Culture – Involvement: Empowerment vs Delegation

by Ron Potter

Empowerment vs. Delegation

Last week my blog post spoke of Empowerment in great cultures.  I need to take a short side trip here to talk about the differences between the words empowerment and delegation.  I’m not going to suggest that the words need to be used differently than they are today, that would be too large of a task.  But I believe it’s crucial that we understand the difference and also understand why one is required before you can accomplish the other.

These two words have become confused and misused in today’s language.  We currently view empowerment as a good thing and delegation as a bad thing.  I believe you need to empower before you delegate, and delegation is the higher form of the two words.

Let’s go back to the original definition of the two words and understand what they mean.


The dictionary says “To promote the self-actualization or influence of – make more confident – give someone a greater sense of confidence or self-esteem (Italics are mine)

Empowerment helps a person increase confidence, self-actualization, and self-esteem.  Empower is facilitated by allowing you to influence me on decisions and directions.  In other words, if I’ve Empowered you to run a portion of an organization, I will allow you to:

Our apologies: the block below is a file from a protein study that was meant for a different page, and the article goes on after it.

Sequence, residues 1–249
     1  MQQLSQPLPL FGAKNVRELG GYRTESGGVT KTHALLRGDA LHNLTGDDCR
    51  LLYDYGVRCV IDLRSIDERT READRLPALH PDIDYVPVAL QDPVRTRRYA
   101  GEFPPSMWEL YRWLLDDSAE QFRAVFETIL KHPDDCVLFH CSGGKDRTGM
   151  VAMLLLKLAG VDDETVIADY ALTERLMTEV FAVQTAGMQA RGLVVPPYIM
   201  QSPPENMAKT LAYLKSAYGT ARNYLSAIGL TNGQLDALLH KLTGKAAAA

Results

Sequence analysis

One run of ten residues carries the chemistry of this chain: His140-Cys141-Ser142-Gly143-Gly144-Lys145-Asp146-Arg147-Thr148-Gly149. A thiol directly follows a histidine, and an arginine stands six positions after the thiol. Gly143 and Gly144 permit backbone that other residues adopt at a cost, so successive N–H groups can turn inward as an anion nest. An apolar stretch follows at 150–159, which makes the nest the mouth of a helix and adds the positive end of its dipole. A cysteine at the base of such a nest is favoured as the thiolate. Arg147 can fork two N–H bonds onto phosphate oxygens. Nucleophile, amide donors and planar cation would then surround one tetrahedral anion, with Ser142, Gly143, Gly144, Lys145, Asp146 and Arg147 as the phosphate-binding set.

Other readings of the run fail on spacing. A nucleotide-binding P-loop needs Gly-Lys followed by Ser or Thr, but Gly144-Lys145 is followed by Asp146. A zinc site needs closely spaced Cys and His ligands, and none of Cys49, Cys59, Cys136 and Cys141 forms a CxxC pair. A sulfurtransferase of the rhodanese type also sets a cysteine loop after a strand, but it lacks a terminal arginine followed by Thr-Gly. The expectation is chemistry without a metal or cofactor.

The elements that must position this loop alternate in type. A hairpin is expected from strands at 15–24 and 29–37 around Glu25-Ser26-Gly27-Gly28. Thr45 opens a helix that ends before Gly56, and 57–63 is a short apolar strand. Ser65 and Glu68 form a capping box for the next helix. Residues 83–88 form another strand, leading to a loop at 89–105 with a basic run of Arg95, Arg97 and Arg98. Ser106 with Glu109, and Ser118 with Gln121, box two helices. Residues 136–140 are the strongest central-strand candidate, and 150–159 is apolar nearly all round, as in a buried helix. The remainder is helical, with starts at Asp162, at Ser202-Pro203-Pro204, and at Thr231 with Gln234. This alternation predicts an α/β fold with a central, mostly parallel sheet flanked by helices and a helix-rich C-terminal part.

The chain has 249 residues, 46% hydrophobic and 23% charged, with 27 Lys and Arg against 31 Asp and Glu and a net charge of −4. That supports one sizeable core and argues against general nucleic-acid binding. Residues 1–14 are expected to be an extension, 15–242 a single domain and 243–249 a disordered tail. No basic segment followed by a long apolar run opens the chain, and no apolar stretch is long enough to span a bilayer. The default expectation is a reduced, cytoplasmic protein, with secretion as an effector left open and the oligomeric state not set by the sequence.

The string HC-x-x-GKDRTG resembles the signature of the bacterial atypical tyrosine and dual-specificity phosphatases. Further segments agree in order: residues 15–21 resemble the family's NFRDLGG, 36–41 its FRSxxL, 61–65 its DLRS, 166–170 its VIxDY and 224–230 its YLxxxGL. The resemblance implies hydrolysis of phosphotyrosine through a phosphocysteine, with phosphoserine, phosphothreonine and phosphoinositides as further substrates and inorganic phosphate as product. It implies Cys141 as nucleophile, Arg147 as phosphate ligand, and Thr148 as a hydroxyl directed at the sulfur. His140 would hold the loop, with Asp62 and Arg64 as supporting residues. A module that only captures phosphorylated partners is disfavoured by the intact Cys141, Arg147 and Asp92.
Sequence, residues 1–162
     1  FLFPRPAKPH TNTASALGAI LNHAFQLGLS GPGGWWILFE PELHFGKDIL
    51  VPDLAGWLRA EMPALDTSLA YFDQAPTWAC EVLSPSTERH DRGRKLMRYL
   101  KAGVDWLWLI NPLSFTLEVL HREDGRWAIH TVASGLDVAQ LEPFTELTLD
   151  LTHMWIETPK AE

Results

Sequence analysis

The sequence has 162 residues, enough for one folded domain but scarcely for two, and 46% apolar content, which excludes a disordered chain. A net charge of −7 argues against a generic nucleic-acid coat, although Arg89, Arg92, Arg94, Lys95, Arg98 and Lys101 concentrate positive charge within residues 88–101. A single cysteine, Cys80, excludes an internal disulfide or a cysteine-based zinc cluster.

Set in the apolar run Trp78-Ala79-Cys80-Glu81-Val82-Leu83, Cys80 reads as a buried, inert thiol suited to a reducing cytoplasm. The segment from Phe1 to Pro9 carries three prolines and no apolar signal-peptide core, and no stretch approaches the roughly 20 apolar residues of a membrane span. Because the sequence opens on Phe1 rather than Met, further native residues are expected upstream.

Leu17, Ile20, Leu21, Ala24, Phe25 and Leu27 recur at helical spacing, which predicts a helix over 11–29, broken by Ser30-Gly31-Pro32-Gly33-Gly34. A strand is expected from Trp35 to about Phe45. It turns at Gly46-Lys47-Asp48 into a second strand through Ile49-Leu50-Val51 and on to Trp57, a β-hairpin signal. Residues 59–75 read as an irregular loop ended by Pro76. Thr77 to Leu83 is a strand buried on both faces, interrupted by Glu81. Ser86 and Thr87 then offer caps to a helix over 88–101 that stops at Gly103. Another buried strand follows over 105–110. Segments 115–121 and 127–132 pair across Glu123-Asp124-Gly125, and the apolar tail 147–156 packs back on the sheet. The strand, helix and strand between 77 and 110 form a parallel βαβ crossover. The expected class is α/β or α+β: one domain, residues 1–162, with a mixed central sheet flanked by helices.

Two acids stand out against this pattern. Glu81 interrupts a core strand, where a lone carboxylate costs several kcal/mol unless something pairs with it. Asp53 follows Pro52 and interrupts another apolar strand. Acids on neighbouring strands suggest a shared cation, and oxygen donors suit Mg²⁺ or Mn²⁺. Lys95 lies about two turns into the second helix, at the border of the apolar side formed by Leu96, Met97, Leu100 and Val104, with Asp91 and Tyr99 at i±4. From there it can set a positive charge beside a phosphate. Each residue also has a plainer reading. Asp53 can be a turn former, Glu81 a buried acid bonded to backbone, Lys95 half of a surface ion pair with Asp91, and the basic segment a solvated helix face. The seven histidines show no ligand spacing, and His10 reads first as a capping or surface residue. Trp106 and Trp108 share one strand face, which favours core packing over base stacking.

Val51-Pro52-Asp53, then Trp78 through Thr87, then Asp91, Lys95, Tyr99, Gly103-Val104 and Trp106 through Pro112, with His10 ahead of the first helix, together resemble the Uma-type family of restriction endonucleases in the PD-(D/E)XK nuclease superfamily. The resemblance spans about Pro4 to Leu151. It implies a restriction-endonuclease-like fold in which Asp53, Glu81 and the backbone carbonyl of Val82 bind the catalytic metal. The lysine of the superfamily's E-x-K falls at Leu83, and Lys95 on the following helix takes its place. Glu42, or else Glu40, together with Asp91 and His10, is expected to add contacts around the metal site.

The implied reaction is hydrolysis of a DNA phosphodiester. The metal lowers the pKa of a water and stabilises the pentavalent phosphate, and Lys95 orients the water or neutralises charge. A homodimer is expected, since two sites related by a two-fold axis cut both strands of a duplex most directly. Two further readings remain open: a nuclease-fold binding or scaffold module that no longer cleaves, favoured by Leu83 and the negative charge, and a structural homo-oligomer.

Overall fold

• make all of your plans
  • run them by me to influence decisions to be made.

However, it’s still clear that the decisions are mine.

Advantages of Empowerment

There are a few advantages of using empowerment over a period of time:

  1. The individual grows and gets better as you question and learn the reasons for their planning and decision making
  2. You, the one granting empowerment, begin to learn how this particular person thinks and approaches issues.  It may be very different than you, but that doesn’t make it wrong.
  3. You may learn something along the way (see comments below about hiring experts)
  4. You gain a comfort level that the person is capable of tackling projects
Hiring the Expert

We often hire a person who is an expert in a particular area.  But, you must be very careful about how you grow and nurture that person.  If you start asking questions about how or why they reach a certain decision, their reaction might be:

  • Why am I being questioned?  I’m the expert.
  • Does this person trust me?
  • I can’t stand the “micromanagement” much more.  I may have made a mistake in taking this job.

When you hire an expert or someone with considerably more experience in an area than you possess, make sure you explain the reason for empowerment and when you expect to move up to Delegation.

Empowerment needs to take place in this situation for a couple of reasons:

  1. You need to learn and grow in this area.  This is the reason you hired an experienced expert.
  2. You need to know the key indicators of the job or project.  Is it going well?  Are we in trouble?  How will I know as soon as possible?  When do I need to explain a bigger picture or other influences where this person may not have an awareness?